US8290054 *Apr 21, 2011Oct 16, 2012Google Inc.Video compression and encoding method
US8294781Oct 20, 2009Oct 23, 2012Apple Inc.System and method for sharpening image data
US8300696 *Jul 25, 2008Oct 30, 2012Cisco Technology, Inc.Transcoding for systems operating under plural video coding specifications
US8301016Aug 23, 2007Oct 30, 2012Rodriguez Arturo ADecoding and output of frames for video trick modes
US8330772May 28, 2010Dec 11, 2012Apple Inc.Image signal processor front-end image data processing system and method
US8358319May 28, 2010Jan 22, 2013Apple Inc.System and method for processing image data using an image processing pipeline of an image signal processor
US8358916Aug 1, 2007Jan 22, 2013Rodriguez Arturo AAnnotations for trick modes of video streams with simultaneous processing and display
US8471932Sep 30, 2010Jun 25, 2013Apple Inc.Spatial filtering for image signal processing
US8472712Oct 20, 2009Jun 25, 2013Apple Inc.System and method for applying lens shading correction during image processing
US8488055Sep 30, 2010Jul 16, 2013Apple Inc.Flash synchronization using image sensor interface timing signal
US8493482Aug 18, 2010Jul 23, 2013Apple Inc.Dual image sensor image processing system and method
US8508612Sep 30, 2010Aug 13, 2013Apple Inc.Image signal processor line buffer configuration for processing ram image data
US8508621Sep 30, 2010Aug 13, 2013Apple Inc.Image sensor data formats and memory addressing techniques for image signal processing
US8525895Jul 29, 2010Sep 3, 2013Apple Inc.Binning compensation filtering techniques for image signal processing
US8531542Sep 1, 2010Sep 10, 2013Apple Inc.Techniques for acquiring and processing statistics data in an image signal processor
US8593483May 28, 2010Nov 26, 2013Apple Inc.Temporal filtering techniques for image signal processing
US8594176 *Mar 6, 2007Nov 26, 2013Microsoft CorporationStreaming media codec with transform coefficient bounding
US8600217Jul 14, 2004Dec 3, 2013Arturo A. RodriguezSystem and method for improving quality of displayed picture during trick modes
US8605167Sep 1, 2010Dec 10, 2013Apple Inc.Flexible color space selection for auto-white balance processing
US8629913Sep 30, 2010Jan 14, 2014Apple Inc.Overflow control techniques for image signal processing
US8634464Sep 14, 2012Jan 21, 2014Google, Inc.Video compression and encoding method
US8638342Oct 20, 2009Jan 28, 2014Apple Inc.System and method for demosaicing image data using weighted gradients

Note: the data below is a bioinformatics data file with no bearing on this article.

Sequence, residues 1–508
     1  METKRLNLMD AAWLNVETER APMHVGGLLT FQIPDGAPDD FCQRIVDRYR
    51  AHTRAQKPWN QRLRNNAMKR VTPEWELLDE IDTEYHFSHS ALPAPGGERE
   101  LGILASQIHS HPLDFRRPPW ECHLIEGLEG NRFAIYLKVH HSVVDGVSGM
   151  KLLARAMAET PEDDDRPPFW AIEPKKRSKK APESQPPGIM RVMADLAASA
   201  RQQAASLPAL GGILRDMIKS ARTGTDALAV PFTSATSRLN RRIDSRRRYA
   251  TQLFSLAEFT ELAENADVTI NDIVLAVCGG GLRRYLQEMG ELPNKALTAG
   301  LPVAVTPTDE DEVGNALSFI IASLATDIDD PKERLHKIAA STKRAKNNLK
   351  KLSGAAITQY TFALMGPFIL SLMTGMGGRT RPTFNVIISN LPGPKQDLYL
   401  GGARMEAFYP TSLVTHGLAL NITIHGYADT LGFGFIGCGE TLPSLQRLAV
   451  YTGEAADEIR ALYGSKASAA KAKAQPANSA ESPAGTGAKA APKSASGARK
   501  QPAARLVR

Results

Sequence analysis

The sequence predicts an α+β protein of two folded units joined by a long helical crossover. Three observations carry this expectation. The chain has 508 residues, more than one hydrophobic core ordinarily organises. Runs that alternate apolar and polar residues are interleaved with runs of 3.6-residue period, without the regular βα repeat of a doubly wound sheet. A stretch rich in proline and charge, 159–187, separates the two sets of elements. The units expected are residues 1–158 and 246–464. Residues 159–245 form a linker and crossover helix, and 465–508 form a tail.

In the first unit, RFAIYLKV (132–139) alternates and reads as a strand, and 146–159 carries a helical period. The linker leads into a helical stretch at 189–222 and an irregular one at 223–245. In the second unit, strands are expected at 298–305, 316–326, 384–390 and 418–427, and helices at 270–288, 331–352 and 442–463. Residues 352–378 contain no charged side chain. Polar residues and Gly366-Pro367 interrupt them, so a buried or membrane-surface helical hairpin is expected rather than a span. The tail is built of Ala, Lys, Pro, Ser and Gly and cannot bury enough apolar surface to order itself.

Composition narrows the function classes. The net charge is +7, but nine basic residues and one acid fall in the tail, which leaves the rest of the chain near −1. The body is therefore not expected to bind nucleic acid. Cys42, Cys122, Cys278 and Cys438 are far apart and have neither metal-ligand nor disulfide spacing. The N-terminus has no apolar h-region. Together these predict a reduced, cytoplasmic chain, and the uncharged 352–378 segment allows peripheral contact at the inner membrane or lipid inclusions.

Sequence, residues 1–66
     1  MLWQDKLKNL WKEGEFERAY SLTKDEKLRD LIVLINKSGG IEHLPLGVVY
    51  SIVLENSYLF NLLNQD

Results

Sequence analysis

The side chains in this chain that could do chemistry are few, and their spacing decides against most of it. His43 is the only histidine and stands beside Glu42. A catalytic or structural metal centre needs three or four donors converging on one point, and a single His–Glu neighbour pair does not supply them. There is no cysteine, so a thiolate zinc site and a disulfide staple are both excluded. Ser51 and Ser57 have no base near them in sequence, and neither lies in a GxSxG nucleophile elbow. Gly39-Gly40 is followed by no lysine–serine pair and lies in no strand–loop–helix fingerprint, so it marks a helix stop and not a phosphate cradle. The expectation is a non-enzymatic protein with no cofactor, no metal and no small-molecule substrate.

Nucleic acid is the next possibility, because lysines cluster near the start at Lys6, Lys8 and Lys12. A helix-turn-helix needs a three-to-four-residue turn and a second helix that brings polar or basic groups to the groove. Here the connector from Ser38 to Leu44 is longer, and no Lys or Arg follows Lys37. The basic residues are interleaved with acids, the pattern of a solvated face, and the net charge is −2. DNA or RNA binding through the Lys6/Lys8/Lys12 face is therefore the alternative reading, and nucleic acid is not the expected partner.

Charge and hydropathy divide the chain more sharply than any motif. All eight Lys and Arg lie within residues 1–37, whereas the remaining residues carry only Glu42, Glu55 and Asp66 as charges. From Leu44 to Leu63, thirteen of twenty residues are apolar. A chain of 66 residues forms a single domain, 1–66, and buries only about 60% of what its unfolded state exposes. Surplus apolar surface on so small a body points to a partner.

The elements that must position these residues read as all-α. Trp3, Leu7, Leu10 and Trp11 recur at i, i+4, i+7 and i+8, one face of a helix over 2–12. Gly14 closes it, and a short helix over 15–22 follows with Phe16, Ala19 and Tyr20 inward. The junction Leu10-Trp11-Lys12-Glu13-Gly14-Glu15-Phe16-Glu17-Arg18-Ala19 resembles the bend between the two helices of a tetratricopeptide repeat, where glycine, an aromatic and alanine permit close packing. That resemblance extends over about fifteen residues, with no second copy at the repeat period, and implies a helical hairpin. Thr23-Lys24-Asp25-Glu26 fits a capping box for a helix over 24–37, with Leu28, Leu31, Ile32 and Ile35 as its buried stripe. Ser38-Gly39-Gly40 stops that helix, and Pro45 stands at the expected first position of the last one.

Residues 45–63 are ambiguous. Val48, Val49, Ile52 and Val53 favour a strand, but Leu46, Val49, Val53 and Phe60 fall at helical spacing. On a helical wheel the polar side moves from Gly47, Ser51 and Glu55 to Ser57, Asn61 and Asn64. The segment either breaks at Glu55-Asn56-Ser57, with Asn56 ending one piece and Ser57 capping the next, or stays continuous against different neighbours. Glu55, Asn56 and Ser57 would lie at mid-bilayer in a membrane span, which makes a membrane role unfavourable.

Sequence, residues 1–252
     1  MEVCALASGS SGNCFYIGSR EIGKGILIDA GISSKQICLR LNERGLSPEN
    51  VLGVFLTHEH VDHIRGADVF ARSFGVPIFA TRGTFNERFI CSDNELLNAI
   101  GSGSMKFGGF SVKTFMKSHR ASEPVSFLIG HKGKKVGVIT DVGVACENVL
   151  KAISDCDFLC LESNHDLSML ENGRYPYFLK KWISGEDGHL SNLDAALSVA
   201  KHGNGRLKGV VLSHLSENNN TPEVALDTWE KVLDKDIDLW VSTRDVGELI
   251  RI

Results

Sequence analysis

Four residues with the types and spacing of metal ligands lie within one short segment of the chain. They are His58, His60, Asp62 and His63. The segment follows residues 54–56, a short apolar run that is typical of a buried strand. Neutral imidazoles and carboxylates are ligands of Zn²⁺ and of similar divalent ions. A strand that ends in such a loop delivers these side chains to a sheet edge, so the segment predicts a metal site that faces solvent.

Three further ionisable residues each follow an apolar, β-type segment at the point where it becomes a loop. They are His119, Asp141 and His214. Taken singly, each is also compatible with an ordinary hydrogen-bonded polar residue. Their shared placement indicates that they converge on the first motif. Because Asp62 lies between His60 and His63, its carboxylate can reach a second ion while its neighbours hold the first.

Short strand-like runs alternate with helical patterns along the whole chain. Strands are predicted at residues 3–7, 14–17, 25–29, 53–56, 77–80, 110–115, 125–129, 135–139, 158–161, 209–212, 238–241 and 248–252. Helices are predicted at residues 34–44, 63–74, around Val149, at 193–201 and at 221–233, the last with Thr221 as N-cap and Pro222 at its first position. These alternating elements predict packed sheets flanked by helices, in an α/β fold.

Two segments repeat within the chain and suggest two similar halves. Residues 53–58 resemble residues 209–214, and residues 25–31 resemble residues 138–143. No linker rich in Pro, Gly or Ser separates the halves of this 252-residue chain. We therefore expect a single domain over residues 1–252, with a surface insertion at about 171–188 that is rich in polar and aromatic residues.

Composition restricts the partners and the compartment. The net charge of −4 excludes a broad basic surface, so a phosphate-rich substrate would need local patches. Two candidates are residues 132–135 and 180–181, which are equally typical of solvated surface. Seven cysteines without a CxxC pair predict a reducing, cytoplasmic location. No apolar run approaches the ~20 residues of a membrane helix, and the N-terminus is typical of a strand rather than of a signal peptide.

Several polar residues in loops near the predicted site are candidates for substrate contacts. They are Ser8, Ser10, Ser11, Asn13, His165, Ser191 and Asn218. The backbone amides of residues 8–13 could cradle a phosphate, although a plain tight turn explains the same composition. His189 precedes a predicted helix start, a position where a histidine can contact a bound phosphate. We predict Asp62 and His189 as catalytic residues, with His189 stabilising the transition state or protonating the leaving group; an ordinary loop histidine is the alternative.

US8643770Jun 20, 2013Feb 4, 2014Apple Inc.Flash synchronization using image sensor interface timing signal
US8665951 *Sep 14, 2012Mar 4, 2014Google Inc.Video compression and encoding method
US8705625Sep 14, 2012Apr 22, 2014Google Inc.Video compression and encoding method
US8736700Sep 30, 2010May 27, 2014Apple Inc.Techniques for synchronizing audio and video data in an image signal processing system
US8780992Sep 14, 2012Jul 15, 2014Google Inc.Video compression and encoding method
US8786625Sep 30, 2010Jul 22, 2014Apple Inc.System and method for processing image data using an image signal processor having back-end processing logic
US8817120May 31, 2012Aug 26, 2014Apple Inc.Systems and methods for collecting fixed pattern noise statistics of image data
US8872946May 31, 2012Oct 28, 2014Apple Inc.Systems and methods for raw image processing
US8917336May 31, 2012Dec 23, 2014Apple Inc.Image signal processing involving geometric distortion correction
US8922704Sep 1, 2010Dec 30, 2014Apple Inc.Techniques for collection of auto-focus statistics
US8953882May 31, 2012Feb 10, 2015Apple Inc.Systems and methods for determining noise statistics of image data
US20110274173 *Apr 21, 2011Nov 10, 2011Google Inc.Video compression and encoding method
US20130010868 *Sep 14, 2012Jan 10, 2013Google Inc.Video compression and encoding method
Classifications
U.S. Classification375/240.12, 375/E07.169, 375/E07.176, 375/E07.177, 375/E07.161, 375/E07.145, 375/E07.211
International ClassificationH04B1/66, H04N11/04, H04N7/26, H04N7/12, H04N11/02, H04N7/50
Cooperative ClassificationH04N19/18, H04N19/61, H04N19/136, H04N19/176, H04N19/132, H04N19/157
European ClassificationH04N7/50, H04N7/26A8C, H04N7/26A6S, H04N7/26A4Z, H04N7/26A8B, H04N7/26A6C
Legal Events
DateCodeEventDescription
Jun 6, 2014ASAssignment
Owner name: LSI CORPORATION, CALIFORNIA
Free format text: CHANGE OF NAME;ASSIGNOR:LSI LOGIC CORPORATION;REEL/FRAME:033102/0270
Effective date: 20070406
May 8, 2014ASAssignment
Free format text: PATENT SECURITY AGREEMENT;ASSIGNORS:LSI CORPORATION;AGERE SYSTEMS LLC;REEL/FRAME:032856/0031
Effective date: 20140506
Owner name: DEUTSCHE BANK AG NEW YORK BRANCH, AS COLLATERAL AG
Aug 1, 2011FPAYFee payment
Year of fee payment: 4
Jun 2, 2003ASAssignment
Owner name: LSI LOGIC CORPORATION, CALIFORNIA
Free format text: ASSIGNMENT OF ASSIGNORS INTEREST;ASSIGNORS:WINGER, LOWELL L.;NOVOTNY, PAVEL;COTE, GUY;REEL/FRAME:014150/0661;SIGNING DATES FROM 20030530 TO 20030602